She published her findings in her first book “Southern Horrors: Lynch Law in All Its Phases.” In it, she correctly stated that the purpose of these state-sanctioned lynchings was “an excuse to get rid of Negroes who were acquiring wealth and property and thus keep the race terrorized.”

Following the release of “Southern Horrors,” Ida immediately began receiving death threats. Her newspaper office was burned to the ground – probably by the Ku Klux Klan, as was their custom – and she was forced to flee Memphis to escape being lynched herself. 

She wound up in New York, where she continued her anti-lynching crusade via articles in The New York Age newspaper, of which she became part owner. Eventually she moved to Chicago, where she married a brother by the name of Ferdinand Barnett, a prominent attorney and founder of Chicago’s first Black-owned newspaper, the Chicago Conservator. Predictably, by 1901, Ida bought the Chicago Conservator. She was just 33 years old.

Ida went on to become a founding member of the National Afro-American Council, which was the precursor to the National Association for the Advancement of Colored People. She also created the Alpha Suffrage Club, founded the National Association of Colored Women and helped found the Negro Fellowship League.

Ida’s articles exposing the state-backed genocidal lynching of Black people remind me of how much the incarcerated authors whose articles for current newspapers and newsletters have done to expose the inhumane and barbaric conditions that we on the inside are subjected to on a day-to-day basis.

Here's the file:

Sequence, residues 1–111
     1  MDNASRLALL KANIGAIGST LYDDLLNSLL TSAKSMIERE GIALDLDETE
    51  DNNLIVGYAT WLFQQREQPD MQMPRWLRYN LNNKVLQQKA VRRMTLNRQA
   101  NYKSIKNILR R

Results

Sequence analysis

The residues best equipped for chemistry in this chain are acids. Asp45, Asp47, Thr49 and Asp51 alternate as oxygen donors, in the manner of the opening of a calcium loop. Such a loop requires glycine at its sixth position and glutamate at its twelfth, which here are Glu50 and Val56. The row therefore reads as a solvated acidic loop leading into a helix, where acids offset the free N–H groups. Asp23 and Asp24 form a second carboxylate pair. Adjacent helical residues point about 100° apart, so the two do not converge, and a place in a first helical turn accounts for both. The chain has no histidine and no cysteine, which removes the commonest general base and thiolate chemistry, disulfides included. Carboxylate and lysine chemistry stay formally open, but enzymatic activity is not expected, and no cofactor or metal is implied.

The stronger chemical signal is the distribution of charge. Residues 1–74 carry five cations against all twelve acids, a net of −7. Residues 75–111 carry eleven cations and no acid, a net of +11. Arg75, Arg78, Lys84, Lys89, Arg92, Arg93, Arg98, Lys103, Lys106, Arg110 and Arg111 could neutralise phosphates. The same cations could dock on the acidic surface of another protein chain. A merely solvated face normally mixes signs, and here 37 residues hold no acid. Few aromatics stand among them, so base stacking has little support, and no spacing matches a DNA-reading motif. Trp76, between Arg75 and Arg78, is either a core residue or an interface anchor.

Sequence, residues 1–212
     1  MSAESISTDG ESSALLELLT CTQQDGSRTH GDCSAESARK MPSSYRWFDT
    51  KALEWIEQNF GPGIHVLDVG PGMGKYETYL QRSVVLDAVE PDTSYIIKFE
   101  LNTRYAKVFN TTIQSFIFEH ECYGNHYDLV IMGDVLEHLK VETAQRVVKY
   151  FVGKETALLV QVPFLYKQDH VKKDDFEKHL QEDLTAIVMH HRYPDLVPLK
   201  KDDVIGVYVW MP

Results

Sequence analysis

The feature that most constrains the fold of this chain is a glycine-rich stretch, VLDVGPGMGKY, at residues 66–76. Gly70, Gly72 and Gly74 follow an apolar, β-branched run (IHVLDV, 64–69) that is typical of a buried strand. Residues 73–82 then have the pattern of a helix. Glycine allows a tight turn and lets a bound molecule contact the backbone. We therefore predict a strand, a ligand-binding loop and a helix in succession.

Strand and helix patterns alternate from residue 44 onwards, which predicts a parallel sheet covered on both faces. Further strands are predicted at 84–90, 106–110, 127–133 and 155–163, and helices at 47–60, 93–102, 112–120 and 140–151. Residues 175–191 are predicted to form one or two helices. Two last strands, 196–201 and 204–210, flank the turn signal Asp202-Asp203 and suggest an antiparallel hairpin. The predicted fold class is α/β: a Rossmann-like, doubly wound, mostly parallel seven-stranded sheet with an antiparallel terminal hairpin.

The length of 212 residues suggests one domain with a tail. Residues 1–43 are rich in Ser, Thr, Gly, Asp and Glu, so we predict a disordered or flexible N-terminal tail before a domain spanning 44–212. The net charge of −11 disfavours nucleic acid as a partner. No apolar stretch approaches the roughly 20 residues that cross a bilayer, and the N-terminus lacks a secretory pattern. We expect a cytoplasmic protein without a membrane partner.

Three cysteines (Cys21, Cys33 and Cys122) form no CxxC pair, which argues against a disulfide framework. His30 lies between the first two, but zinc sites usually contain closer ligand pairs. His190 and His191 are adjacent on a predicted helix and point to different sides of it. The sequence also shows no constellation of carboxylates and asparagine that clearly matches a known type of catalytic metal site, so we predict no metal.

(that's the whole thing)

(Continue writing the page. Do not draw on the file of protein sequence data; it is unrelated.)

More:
Even by today’s standards, Ida would have been considered an extremely successful woman. She didn’t have to travel the world speaking out against Klan terror, lynching and the myriad other racial injustices which Black people were subjected to in America immediately following the supposed abolition of slavery. 

She could have aligned herself with the burgeoning Black bourgeoisie – the so-called “Talented Tenth” – and turned a blind eye to the racial injustices which primarily affected poor Blacks. Her experience on the train that day shaped and molded the woman she was and the woman she became.

Ida’s articles exposing the state-backed genocidal lynching of Black people remind me of how much the incarcerated authors whose articles for newspapers and newsletters such as the San Francisco Bay View, Turning the Tide, Incarcerated Worker, California Prison Focus and Prison Action News have done to expose the inhumane and barbaric conditions that we on the inside are subjected to on a day-to-day basis.